In April of 1943, Joan Wyndham met Hans Gundersen, a six-foot tall Norwegian sailor with blonde hair and blue eyes who would feature regularly in her diary until they parted ways in January of 1945. This entry came half-way through their romance: Hans was away on duty, and Joan hadn’t heard from him for weeks. Then a letter arrived. Decades later, those diaries were published in two volumes, Love Lessons and Love is Blue, and the wartime escapades of Joan Wyndham—born in Wiltshire, England in 1921—were enjoyed far and wide.
The Diary Entry
I haven’t eaten for two days. After a night of bad dreams I crawled wearily down to see if I could swallow some breakfast and there was this amazing drunken letter. I laughed and cried like hell. His writing was almost unreadable but in the end I managed to make it out.
I never died! However being away from you is a living death! I am drunk! Drunk! Very jolly drunk!
But in my drunken heart your sober picture glows as always, you bloody bastard! I love you as distracted – I will be down to you soon, I hope.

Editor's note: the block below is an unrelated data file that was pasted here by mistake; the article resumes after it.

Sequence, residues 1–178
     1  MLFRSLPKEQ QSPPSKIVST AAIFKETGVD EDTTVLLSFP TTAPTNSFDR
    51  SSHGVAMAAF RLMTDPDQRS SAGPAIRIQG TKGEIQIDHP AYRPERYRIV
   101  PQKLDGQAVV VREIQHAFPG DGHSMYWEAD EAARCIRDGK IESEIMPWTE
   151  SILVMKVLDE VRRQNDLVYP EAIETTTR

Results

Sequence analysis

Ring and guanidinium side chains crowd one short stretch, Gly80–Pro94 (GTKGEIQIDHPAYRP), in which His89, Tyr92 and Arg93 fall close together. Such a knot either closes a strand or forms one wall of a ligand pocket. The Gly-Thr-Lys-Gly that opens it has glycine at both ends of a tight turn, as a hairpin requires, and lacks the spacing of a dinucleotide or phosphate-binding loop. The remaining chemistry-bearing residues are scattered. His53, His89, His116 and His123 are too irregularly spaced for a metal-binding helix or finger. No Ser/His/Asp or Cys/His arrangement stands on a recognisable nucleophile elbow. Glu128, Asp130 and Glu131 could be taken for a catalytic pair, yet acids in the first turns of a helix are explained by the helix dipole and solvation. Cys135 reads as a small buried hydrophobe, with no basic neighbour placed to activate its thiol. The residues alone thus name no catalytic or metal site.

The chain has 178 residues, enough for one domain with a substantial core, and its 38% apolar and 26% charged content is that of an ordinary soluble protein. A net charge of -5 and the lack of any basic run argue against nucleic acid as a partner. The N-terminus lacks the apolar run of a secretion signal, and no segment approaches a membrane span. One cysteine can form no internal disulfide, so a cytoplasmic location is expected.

Later: I am still drunk! I never fucked anybody up here! I haven’t! Oh God, I wish I had you! I take sherry. Still drunk.
My gorgeous woman! – more sherry – I want you night and day. I need you, with dreams haunting my sleep, to have you here, to feel you here – oh maddening thought, it makes me xxxxxxxx—xxxxxxxx !!!! ????????
Darling Joan, Jenta me, I am so bloody fond of you. As ever, now and in eternity.
This was probably the nicest letter I had ever received in my life, and I was so crazy with relief that it gave me the most wonderful appetite for breakfast. I really do think I ought to marry him after the war. It would be the salvation of me, apart from the fact that I love him like hell.
If you are yet to meet Joan Wyndham, I’d advise starting with Love Lessons, the first of her diaries to published, and its “sequel,” Love is Blue. Both are wartime diaries; both are great. Should you want more, there are two other memoirs to her name: Anything Once, published in 1982, which chronicles Joan’s life beyond the war, and Dawn Chorus, published in 1994, in which she writes about her earlier years.
Diary entry reprinted by kind permission of her daughter, Camilla Shivarg from Love Lessons: A Wartime Diary.